Masters Thesis completed 2011

Environmental Controls of Establishment and Early Growth of the Endangered Lindera melissifolia (Lauraceae) (Pondberry)

Ryan Unks

Lindera melissifolia (Walt.) Blume is a federally endangered southeastern endemic shrub, that is declining due to land clearing and conversion to agriculture or silviculture.  In addition, gene flow is reduced due to habitat fragmentation, and new populations are not establishing.  Reproduction by seeds is rare, and many populations are becoming male-biased.

The goal of this study was to determine favorable environmental conditions for reproduction via seeds (safe sites) as well as for sustaining equal sex-ratios under field conditions.  Seedlings were grown under varied moisture and light conditions for varied lengths of time and then harvested to determine dry mass and leaf area.  Growth rates were analyzed using a two-way factorial analysis of covariance (ANCOVA).  Net assimilation rate and standard morphological ratios were calculated and compared using a two-way analysis of variance (ANOVA).  Seedlings were clipped below and above root collars as a means of simulating two levels of disturbance and then assessed for mortality and resprout relative growth rates. Treatments were compared to a control using a one-way ANOVA.  Adult stems of both sexes of Lindera melissifolia and co-occurring vascular flora were surveyed for percent cover within non-random plots centered on the highest densities of flowering stems.  Flowering stems were counted and compared to transmittance and stem density using regression analysis.  Multi Response Permutation Procedure (MRPP) and Indicator Species Analysis Indicator Values (IV) were used to compare species composition within plots with females present or absent.

A violation of equal regression slopes occurred in the two-way ANCOVA model, but when using a one-way ANCOVA grouped by light, lowered moisture had a negative effect under the highest (40%) light treatment (p=.032).  Net assimilation rates were significantly different for light effects, but moisture effects were significantly different only under highest transmittance when analyzed by light, using a t-test (P=.0495).  Morphological responses showed a higher amount of plasticity under varied light than under varied water.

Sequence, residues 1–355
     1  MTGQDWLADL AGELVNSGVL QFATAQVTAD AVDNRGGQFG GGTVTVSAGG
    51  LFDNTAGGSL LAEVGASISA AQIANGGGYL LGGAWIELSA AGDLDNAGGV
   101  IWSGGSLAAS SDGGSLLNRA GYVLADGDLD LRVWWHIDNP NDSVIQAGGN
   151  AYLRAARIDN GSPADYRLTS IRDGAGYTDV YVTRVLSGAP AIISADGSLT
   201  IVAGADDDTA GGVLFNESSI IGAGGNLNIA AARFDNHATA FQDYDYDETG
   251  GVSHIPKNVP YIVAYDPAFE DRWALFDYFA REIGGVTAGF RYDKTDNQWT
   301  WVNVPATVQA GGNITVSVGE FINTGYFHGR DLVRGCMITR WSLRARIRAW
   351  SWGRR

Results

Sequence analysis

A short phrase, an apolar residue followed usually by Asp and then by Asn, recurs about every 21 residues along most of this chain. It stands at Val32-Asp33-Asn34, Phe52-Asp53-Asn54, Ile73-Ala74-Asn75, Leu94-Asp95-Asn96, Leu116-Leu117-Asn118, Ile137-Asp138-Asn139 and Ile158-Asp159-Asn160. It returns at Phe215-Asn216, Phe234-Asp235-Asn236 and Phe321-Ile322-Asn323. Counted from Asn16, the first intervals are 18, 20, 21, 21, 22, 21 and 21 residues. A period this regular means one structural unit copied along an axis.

Clipping of seedlings below the root collar increased mortality, while clipping of seedlings above the root collar did not.  Relative growth rates of both clipping treatments were significantly lower than the control treatment (p=<.001). 

Percent cover of Lindera melissifolia explained 52% of the variation in male flowering stems, but explained only 14% of the variation in female stems.  Percent transmittance did not have a significant effect on flowering stems.  Indicator species analysis revealed a strong association of male flowering stems with Pinus taeda (IV=59.8) and Vaccinium corymbosum sensu lato (IV=47.7), and a weak association of female flowering stems with Taxodium ascendens (IV=26.7).

Results confirm that hydrology is more important than light in creating safe sites and maintaining sex-ratios, but that increased light under dry conditions likely lowers competitive ability.  Infrequent, low intensity disturbance may also prove to be a useful management tool for limiting competition from coastal plain woody species.